If you want to show a 1 when there is a value for something in the column and 0 if none of the rows have that values you typically do something like this

``````CASE WHEN SUM(CONVERT(INT,SomeValue)) > 0 THEN 1 ELSE 0 END
``````

Basically you sum it up and if the sum is greater than 0 then you show 1 otherwise you show 0

Here is what it might look like in code

First create the following table with this data

``````create table #Cars(id int,brand varchar(20),HasDefects bit)

insert #Cars values(1,'Chevy Corvette',1)
insert #Cars values(2,'Ford Taurus',0)
insert #Cars values(3,'Ford Taurus',1)
insert #Cars values(4,'BMW 635 CSi',0)
insert #Cars values(5,'BMW 635 CSi',0)
insert #Cars values(6,'Fiat 500',1)
insert #Cars values(7,'Fiat 500',1)
``````

And here is our CASE WHEN THEN ELSE query

``````SELECT brand,CASE WHEN SUM(convert(int,HasDefects)) > 0 THEN 1 ELSE 0 END AS HasDefects
from #Cars
group by brand
``````

We need to convert HasDefects to an integer before using the sum function, otherwise you will get the following error

_Server: Msg 409, Level 16, State 2, Line 1

The sum or average aggregate operation cannot take a bit data type as an argument._

So how can we change that to use the sign function? It is very easy all you have to do is wrap the sign function around the sign function

``````select brand, sign(sum(convert(int,HasDefects))) as HasDefects
from #Cars
group by brand
``````

Here is our output

——————–

```brand  HasDefects
BMW 635 CSi 0
Chevy Corvette  1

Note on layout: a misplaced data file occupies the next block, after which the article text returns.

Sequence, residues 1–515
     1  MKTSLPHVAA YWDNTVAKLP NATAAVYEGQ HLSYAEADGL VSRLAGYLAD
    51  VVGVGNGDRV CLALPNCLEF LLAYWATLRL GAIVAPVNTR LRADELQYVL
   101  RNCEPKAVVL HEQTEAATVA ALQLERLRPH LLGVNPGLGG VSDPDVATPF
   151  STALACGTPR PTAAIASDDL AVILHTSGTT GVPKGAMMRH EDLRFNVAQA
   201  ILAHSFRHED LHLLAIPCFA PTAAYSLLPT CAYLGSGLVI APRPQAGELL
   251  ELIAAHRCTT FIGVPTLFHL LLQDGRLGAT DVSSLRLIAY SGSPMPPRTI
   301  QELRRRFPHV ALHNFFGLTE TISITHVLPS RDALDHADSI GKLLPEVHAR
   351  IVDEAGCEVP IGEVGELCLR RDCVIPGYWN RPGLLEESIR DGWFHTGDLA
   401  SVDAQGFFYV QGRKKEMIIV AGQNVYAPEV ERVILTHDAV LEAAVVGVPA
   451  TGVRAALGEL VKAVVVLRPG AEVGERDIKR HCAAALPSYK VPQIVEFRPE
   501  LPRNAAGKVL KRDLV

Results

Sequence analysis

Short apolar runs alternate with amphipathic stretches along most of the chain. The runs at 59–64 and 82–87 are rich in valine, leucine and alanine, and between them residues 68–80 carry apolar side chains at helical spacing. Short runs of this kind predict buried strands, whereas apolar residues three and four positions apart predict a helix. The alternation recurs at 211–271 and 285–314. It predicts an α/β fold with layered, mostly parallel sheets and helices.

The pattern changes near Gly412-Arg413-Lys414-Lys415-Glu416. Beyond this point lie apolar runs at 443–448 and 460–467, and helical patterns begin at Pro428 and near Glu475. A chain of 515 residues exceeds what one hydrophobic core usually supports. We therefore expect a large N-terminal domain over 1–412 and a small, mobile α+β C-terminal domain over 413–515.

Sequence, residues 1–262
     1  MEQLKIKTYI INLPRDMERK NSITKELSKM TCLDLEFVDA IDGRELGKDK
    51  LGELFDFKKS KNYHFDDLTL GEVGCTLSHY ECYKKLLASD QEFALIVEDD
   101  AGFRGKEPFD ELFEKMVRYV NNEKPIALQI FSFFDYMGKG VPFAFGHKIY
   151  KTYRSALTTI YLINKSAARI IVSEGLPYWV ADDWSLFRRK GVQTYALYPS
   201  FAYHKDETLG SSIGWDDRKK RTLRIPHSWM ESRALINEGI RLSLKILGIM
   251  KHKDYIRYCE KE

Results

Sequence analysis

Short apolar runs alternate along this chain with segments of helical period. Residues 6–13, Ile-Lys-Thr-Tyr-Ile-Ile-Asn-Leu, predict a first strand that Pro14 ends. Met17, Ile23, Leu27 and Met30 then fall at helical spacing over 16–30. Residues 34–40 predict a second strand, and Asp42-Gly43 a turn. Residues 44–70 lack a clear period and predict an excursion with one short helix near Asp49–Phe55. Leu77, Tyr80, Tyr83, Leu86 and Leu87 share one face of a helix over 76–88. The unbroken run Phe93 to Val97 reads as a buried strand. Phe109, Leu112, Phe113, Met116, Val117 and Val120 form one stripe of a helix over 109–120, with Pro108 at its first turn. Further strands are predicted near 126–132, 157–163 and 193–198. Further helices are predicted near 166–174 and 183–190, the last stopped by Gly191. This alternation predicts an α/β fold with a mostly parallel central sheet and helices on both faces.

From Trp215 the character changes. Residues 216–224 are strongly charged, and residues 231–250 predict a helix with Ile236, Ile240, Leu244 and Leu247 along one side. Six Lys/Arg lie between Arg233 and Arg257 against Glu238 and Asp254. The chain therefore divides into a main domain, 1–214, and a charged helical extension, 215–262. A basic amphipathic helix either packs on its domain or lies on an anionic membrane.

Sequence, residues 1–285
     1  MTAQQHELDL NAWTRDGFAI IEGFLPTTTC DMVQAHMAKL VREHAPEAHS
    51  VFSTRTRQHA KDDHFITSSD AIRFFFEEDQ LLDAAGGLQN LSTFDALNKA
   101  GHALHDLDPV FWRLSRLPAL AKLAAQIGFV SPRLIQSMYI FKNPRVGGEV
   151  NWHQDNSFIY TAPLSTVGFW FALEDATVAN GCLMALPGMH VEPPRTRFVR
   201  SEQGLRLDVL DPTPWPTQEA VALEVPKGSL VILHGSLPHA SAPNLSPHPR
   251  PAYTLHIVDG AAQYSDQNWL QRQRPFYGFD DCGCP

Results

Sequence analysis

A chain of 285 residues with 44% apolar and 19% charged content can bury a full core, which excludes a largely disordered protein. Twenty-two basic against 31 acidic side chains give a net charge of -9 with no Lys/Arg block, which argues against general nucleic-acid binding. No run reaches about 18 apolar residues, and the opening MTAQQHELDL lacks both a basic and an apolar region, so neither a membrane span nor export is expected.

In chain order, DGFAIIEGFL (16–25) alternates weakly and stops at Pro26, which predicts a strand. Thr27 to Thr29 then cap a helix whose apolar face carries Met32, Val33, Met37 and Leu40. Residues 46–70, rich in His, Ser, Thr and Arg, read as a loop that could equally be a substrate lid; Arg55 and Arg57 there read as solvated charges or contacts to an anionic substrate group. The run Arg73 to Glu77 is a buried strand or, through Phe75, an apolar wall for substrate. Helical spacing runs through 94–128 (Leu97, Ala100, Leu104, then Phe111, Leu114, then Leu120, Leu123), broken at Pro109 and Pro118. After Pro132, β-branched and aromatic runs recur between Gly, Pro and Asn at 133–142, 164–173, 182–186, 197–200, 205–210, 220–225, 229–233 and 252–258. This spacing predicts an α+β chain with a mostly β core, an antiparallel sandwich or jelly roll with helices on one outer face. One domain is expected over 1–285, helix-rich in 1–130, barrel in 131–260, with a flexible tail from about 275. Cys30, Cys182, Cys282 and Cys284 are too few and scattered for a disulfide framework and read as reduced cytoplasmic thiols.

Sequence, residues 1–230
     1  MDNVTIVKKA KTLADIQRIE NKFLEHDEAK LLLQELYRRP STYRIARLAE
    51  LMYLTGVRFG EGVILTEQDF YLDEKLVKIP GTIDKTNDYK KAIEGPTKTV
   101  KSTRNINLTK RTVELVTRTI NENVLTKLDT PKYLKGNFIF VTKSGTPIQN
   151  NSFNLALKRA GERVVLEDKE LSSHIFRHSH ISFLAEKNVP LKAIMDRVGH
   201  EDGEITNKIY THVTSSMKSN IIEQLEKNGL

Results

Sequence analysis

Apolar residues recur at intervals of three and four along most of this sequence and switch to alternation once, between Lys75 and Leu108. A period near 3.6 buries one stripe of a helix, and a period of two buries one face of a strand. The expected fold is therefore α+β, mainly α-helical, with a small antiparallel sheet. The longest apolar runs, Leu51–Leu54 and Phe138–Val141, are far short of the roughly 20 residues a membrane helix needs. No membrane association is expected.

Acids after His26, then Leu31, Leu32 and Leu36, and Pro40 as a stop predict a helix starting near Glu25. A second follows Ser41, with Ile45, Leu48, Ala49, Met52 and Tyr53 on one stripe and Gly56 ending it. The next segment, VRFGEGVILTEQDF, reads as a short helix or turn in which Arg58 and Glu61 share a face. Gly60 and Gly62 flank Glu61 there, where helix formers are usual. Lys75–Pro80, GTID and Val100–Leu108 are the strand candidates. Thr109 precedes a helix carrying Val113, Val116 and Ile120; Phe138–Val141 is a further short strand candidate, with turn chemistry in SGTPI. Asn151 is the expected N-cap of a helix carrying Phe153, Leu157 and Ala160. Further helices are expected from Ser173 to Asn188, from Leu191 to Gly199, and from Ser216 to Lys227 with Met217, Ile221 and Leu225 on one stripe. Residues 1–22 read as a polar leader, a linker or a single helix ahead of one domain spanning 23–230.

Fiat 500    1
Ford Taurus 1```

As you can see that made the code smaller by about 20 bytes. This of course will only work if you want 0 and 1; if you want more posibilities then you need to use case. Another reason why you maybe don’t want to use the sign function is that someone looking at your code might not immediately know what the code is supposed to do.

Remember you should always write code with the assumption that the person who will be maintaining your code is a psychopatic killer who has your address 😉

How does the sign function work?

If the value is negative then -1 is returned

If the value is positive then 1 is returned

If the value is 0 then 0 is returned

If the value is NULL then NULL is returned

Scale will affect the output also; if you use -22.0001 then -1.0000 will be returned and if you use -22.01 then -1.00 will be returned

Here is a query you can run to see what sign returns for different values

``````select 	sign (0),  -- 0
sign (1),  -- 1
sign (-1), -- -1
sign (null), --null
sign (-200), -- -1
sign (200),  -- 1
sign (-22.0001), -- -1.0000
sign (22.0001),  -- 1.0000
sign (-22.01), -- -1.00
sign (22.01)  -- 1.00
``````

On our wiki there is an article that shows you another 9 lesser know functions; these functions are

BINARY_CHECKSUM

COLUMNPROPERTY

DATALENGTH

ASCII, CHAR,UNICODE

NULLIF

PARSENAME

STUFF

REVERSE

GETUTCDATE

You can find that article here Ten SQL Server Functions That You Have Ignored Until Now

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